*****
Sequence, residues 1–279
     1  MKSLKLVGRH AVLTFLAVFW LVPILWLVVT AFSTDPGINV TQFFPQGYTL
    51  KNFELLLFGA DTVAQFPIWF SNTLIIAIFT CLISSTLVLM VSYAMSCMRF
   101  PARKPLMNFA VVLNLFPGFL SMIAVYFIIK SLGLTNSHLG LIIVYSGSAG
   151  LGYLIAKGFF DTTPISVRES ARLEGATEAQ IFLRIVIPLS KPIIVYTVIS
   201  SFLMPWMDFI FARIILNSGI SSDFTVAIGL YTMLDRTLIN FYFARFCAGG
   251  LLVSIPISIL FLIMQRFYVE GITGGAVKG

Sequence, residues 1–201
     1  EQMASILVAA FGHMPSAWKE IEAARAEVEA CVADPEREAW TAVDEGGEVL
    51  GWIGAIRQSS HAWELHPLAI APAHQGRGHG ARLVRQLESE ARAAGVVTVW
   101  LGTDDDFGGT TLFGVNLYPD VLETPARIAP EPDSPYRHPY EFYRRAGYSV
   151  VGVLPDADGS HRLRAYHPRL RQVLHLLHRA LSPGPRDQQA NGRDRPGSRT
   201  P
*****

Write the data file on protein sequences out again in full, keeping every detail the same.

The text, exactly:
Sequence, residues 1–279
     1  MKSLKLVGRH AVLTFLAVFW LVPILWLVVT AFSTDPGINV TQFFPQGYTL
    51  KNFELLLFGA DTVAQFPIWF SNTLIIAIFT CLISSTLVLM VSYAMSCMRF
   101  PARKPLMNFA VVLNLFPGFL SMIAVYFIIK SLGLTNSHLG LIIVYSGSAG
   151  LGYLIAKGFF DTTPISVRES ARLEGATEAQ IFLRIVIPLS KPIIVYTVIS
   201  SFLMPWMDFI FARIILNSGI SSDFTVAIGL YTMLDRTLIN FYFARFCAGG
   251  LLVSIPISIL FLIMQRFYVE GITGGAVKG

Sequence, residues 1–201
     1  EQMASILVAA FGHMPSAWKE IEAARAEVEA CVADPEREAW TAVDEGGEVL
    51  GWIGAIRQSS HAWELHPLAI APAHQGRGHG ARLVRQLESE ARAAGVVTVW
   101  LGTDDDFGGT TLFGVNLYPD VLETPARIAP EPDSPYRHPY EFYRRAGYSV
   151  VGVLPDADGS HRLRAYHPRL RQVLHLLHRA LSPGPRDQQA NGRDRPGSRT
   201  P